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|Title: ||保留髖關節置換手術之生物力學研究;The Biomechanical Investigations for Preserving Hip System Replacement|
|Issue Date: ||2015-09-23 14:46:56 (UTC+8)|
;Total hip replacement (THR) is the most common treatment modality in hip osteoarthritis. Despite improvements in shape, material, and coating for hip stem, both stress shielding and aseptic loosening have been the major drawbacks of stemmed hip arthroplasty. Some non-stemmed systems were developed to avoid rasping off the intramedullary canal and evacuating the bone marrow due to stem insertion. At present, the non-stemmed design resulted in cup loosening and central bar fracturing in clinically because it was insufficient in the restriction.
In this study, many cup systems with minimal removal of the healthy neck were investigated to evaluate their biomechanical effects on the proximal femur and implants. The finite-element models of one intact, stemmed, resurfacing, cylinder, parallel, cross and nail femora were developed. The resurfacing and cylinder were selected as the representative of the ready-made implants. The parallel, cross and nail systems were selected as the representative of the custom-made implants. The stress distribution and interface micromotion were selected as the comparison indices. The biomechanical experiment were using cylinder, parallel and cross models to compare stability on the cup design and two screw constructions. The finite element analysis results showed that both stress distribution of all non-stemmed femora are consistently more similar to the intact femur than the stemmed one. Around the proximal femur, the stem definitely induces the stress-shielding phenomenon. The custom-made system with the anatomy-shaped cup can make intimate contact with the neck cortex and reduce the bone-cup micromotion and the implant stress. Comparatively, the reamed femoral head provides weaker support to the resurfacing cup causing higher interfacial micromotion. All the screws of the non-stemmed systems were highly stressed to serve as the potential for the failure of plastic yielding or fatigue cracking. The biomechanical experiment results showed that the stiffness of the custom-made cup and assisted screw with the cortical bone were better than the contrapositions.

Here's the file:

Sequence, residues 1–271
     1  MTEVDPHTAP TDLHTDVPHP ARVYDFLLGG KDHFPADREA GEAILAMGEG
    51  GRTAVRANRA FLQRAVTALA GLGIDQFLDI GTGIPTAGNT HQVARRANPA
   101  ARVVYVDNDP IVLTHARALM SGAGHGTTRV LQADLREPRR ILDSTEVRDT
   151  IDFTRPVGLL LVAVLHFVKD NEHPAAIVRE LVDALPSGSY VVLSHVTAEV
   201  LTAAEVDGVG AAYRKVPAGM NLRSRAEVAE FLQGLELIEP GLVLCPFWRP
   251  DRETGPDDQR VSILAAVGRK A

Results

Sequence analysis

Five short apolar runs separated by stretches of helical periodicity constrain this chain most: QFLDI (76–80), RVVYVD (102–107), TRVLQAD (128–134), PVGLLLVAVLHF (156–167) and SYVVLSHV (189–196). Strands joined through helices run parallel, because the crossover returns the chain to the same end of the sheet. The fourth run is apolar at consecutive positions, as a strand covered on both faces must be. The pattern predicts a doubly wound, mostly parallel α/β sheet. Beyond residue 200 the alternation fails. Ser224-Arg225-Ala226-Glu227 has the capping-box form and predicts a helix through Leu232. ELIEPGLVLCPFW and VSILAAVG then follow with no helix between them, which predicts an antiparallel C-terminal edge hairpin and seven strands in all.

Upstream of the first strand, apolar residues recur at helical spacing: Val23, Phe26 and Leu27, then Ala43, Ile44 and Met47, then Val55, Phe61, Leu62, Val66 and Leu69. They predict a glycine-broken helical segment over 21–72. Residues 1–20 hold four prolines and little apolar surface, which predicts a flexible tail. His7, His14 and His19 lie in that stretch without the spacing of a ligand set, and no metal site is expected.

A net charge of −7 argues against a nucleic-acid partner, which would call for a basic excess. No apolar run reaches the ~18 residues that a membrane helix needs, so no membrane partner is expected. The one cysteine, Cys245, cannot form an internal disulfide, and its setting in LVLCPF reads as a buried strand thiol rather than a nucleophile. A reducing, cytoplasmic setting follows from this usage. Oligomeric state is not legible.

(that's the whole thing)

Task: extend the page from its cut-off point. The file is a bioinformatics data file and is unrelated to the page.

In conclusion, the reserved femoral neck could act as the load-transferring medium from the acetabular cup, femoral neck to the diaphysial bone, thus depressing the stress-shielding effect below the neck region. If the hip-cup construct can be definitely stabilized, the non-stemmed design could be an alternative of hip arthroplasty for the younger or the specific patients with the disease limited only to the femoral head.
|Appears in Collections:||[機械工程研究所] 博碩士論文|
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